Pulled backward until I was off my feet and set hard upon the trunk of a fallen giant, I craned to my left to see my captor. A mane of black hair, shaggy strands barely covering the flash of sullen eyes, twisted away, the hand that had never left my neck squeezed tight, forced my face forward. A downward glance caught a mighty foot and shin of brown skin girthed in high-strapped sandals, before they too were snatched from my sight by that iron grip jerking my head upright. A chuckle sounded low behind me, shook the arm up which it traveled till I shook as well.

“You’ve been asking which of my tales is best; none better to tell you than those who know me best. A man’s story is only as good as his foes tell it, after all. You think these Picts will praise the tales within which I slaughter them? Ha! Those are the tales they tell their whelps over the fires to hone their hatred. Their favorite tales, the ones they retell strangers, are my adventures outside their territories.

“Now my favorites are those times with Bêlit, my queen…” A gigantic sigh echoed, followed by a shake of that mane and a rueful laugh. “Ah, if only I’d met the elephant-man later, there is much I might have asked. But it is he who taught me to open my eyes, he who made me take heart.

“The best of my tales? It must be “The Tower of the Elephant”, all else follows, for I’d not be the man I am without it.”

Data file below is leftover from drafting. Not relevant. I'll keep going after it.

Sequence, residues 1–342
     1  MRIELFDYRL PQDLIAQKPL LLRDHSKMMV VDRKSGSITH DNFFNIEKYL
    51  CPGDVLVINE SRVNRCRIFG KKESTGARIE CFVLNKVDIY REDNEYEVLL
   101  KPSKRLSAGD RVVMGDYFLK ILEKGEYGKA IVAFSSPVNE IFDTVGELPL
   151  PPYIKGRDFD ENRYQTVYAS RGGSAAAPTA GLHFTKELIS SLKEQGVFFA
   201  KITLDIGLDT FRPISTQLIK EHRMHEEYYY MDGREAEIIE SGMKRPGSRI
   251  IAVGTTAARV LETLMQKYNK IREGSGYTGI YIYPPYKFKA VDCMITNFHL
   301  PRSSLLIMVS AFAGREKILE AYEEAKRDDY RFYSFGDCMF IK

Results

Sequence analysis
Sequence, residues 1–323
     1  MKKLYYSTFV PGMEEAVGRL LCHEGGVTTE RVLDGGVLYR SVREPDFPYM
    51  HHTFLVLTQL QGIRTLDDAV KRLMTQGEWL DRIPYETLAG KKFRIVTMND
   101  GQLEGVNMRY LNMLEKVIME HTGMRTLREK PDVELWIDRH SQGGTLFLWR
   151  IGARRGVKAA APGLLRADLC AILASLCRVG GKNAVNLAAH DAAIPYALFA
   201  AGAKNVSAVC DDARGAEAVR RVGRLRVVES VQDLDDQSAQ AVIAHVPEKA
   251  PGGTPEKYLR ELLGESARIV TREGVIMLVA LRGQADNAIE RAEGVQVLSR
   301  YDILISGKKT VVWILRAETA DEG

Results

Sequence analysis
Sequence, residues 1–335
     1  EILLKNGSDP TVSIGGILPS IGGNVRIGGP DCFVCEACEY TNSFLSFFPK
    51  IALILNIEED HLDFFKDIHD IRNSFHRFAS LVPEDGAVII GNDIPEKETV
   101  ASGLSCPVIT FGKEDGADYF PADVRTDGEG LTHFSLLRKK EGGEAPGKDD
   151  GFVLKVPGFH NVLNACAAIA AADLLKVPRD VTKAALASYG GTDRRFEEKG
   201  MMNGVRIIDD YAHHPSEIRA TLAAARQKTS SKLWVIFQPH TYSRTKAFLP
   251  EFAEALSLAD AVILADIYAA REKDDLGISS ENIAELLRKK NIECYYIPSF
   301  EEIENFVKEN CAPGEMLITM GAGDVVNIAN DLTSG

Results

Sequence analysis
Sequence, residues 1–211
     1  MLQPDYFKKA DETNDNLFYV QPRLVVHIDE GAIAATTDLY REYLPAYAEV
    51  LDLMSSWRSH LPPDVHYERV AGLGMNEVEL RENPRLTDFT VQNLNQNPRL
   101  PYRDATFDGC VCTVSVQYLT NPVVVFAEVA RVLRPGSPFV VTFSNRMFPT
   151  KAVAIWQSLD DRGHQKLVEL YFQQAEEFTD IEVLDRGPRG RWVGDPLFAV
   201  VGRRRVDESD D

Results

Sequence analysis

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Dreams More Perfect Than Your Own: J.G. Ballard: The Complete Short Stories, Volumes One & Two

Sunday, January 27th, 2019 | Posted by John ONeill

JG Ballard The Complete Short Stories Volume One and Two-small

In the world of science fiction, J.G. Ballard is a Big Deal.

His early work includes the novels The Wind from Nowhere (1962), The Drowned World (1962), and High-Rise (1975), and the seminal collection Vermilion Sands (1971). Outside science fiction, Ballard is also a Big Deal. His 1984 novel Empire of the Sun, loosely based on his experiences as a child in Shanghai during Japanese occupation, was described by The Guardian as “the best British novel about the Second World War” and filmed by Steven Spielberg in 1987, starring a young Christian Bale. His influence on modern literature has been powerful enough that “Ballardian” has become a common term, defined by the Collins English Dictionary as “resembling or suggestive of the conditions described in J. G. Ballard’s novels and stories, especially dystopian modernity…” He died in 2009.